"The destiny of each and every country can only be determined by its government and people," he said. "It cannot be imposed from outside." Nyan Win's comments indicated that the junta would not give up its hardline position and is willing to thumb its nose at international demands to restore democracy and free pro-democracy leader Aung San Suu Kyi. In Rangoon, despite agreeing to see Gambari, the generals continued posting troops and police across the city and dispatching pro-junta gangs to raid homes in search of monks and dissidents on the run. "They are going from apartment to apartment, shaking things inside, threatening the people. You have a climate of terror all over the city," a Bangkok-based Myanmar expert said.
The plight of the monks who brought the protests to the burmese capital Rangoon.
Many of the remaining detained monks have been disrobed and shackled, according to sources quoted by BBC Radio's Burmese service. The reports follow claims from a former intelligence officer in Burma's ruling junta that thousands of protesters have been killed and the bodies of hundreds of executed monks have been dumped in the jungle. Public anger ignited on August 19 after the government increased fuel prices, then shifted into protests led by Buddhist monks against 45 years of military dictatorship.
The most senior official to defect so far, Hla Win, said: "Many more people have been killed in recent days than you've heard about. The bodies can be counted in several thousand." Mr Win said he fled when he was ordered to take part in a massacre of holy men. His defection will raise a faint hope among tens of thousands of Burmese who have fled to villages along the Thai border. They will feel others in the army may follow him and turn on their ageing leaders, Senior General Than Shwe and his deputy, Vice Senior General Maung Aye.
Monday, October 15, 2007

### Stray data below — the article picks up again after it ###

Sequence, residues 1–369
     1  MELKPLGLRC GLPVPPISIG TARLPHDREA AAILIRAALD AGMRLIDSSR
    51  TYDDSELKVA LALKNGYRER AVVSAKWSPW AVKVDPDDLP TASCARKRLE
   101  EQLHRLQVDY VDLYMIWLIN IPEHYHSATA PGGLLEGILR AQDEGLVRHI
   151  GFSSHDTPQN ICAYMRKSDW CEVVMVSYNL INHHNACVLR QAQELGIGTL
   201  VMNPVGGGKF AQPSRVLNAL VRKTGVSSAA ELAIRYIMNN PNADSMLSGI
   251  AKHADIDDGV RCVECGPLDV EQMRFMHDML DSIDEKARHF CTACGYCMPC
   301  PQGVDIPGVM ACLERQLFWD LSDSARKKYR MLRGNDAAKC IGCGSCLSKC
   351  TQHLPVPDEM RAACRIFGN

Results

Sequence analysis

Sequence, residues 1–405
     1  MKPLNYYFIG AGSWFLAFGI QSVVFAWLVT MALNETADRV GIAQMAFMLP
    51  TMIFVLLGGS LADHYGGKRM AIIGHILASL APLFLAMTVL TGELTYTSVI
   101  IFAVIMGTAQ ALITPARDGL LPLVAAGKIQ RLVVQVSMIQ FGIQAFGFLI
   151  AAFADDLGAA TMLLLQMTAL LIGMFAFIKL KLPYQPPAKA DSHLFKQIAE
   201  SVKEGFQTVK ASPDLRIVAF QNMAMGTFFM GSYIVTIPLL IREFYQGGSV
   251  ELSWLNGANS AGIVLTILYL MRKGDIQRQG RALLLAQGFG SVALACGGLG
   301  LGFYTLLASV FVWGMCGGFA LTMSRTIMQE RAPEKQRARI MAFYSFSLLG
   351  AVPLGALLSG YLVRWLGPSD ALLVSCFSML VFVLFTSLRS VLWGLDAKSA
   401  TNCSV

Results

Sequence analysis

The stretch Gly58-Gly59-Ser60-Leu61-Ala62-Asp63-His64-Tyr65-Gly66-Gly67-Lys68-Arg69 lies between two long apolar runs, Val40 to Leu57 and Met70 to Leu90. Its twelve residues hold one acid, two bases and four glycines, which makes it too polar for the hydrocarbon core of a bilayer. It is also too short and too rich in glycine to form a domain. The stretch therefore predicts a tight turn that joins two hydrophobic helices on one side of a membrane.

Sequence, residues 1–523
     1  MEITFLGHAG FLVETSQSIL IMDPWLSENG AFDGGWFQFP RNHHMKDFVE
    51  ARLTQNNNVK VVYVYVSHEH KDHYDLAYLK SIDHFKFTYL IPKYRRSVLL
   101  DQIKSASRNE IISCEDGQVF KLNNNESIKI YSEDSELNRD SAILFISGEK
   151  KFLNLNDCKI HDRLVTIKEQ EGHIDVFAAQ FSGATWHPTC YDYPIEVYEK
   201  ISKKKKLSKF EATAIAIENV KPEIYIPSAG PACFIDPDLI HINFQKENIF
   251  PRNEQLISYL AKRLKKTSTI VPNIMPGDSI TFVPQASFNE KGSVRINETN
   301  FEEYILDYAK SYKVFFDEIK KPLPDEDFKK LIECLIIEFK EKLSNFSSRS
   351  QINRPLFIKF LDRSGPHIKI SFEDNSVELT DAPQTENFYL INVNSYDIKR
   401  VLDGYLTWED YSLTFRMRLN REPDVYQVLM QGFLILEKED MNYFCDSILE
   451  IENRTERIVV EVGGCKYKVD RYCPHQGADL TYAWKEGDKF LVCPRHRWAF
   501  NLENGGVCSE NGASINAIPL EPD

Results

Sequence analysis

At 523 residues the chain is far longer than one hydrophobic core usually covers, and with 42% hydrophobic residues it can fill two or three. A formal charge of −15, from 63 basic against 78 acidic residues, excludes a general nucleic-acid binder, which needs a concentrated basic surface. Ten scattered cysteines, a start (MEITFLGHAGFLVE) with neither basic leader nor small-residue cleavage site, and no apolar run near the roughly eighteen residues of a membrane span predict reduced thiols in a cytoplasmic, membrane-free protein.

IUSY is asking all member organisations is supporting the lobby to ask multinationals in Burma to 'Leave Now'. IUSY is encouraging member organisations to write to all multinational companies known or suspected of having business links to Burma to pull out of the country and “stop propping up the brutal regime”, and is calling on governments to extend economic sanctions to cover all economic sectors. While numerous foreign companies have ceased doing business with Burma, under pressure from the international trade union movement and human rights and democracy groups, many multinational companies still have relations with the military dictatorship.
Burma’s economy is built on absolute repression of its workforce, with the use of forced labour still rife in the country despite international pressure on the regime to respect fundamental rights. The case for full and effective sanctions is now absolutely compelling, and any company which does not withdraw voluntarily must be made to do so by governments and international and regional organisations including the United Nations and the European Union. The international trade union movement have for many years called on the EU to include Burmese state monopolies covering gas, oil, mining, tropical woods and precious stones in the list of companies with which EU-based multinationals are forbidden to do business.
Top of the list are several key multinationals with well-documented business links to Burma, including Caterpillar (USA), China National Petroleum Corp. (CNPC), China National Offshore Oil Corporation (CNOOC), Daewoo International Corporation (Korea), Siemens (Germany), Gas Authority of India (GAIL), GlaxoSmithKline (UK ), Hyundai (Korea), ONGC Videsh Ltd (India), Swift (Belgium), and Total (France).
Military aid will be a special focus of this campaign action, which will also look closely at the junta’s growing economic links with India, China and several other countries. India’s trade for example has grown from some US$ 341 million in 2004-5 to $650 million the following year, with a target of US$ 1billion set for 2006-7.
UN envoy Ibrahim Gambari has described as "extremely disturbing" new arrests in Burma, calling on the ruling junta to stop detaining democracy activists.
Several prominent Burmese student leaders were arrested over the weekend. He was speaking in Thailand as EU foreign ministers were preparing to meet in Luxembourg to discuss tougher sanctions against the junta.
At their monthly meeting, the EU foreign ministers are expected to ban imports of gemstones, timber and metals from Burma, as well as voicing their support for Mr Gambari's mission. Burma's generals already face an EU travel ban and a freeze on assets.
BBC European affairs correspondent Oana Lungescu says the generals can now expect fresh embargoes on some of their more lucrative exports - including jade, rubies and teak. However, European sanctions have had practically no impact on Burma, as more than 90% of the country's trade is with its Asian neighbours, she says. The new measures will not prevent the French energy giant Total from doing business with the junta, though diplomats say that may come later.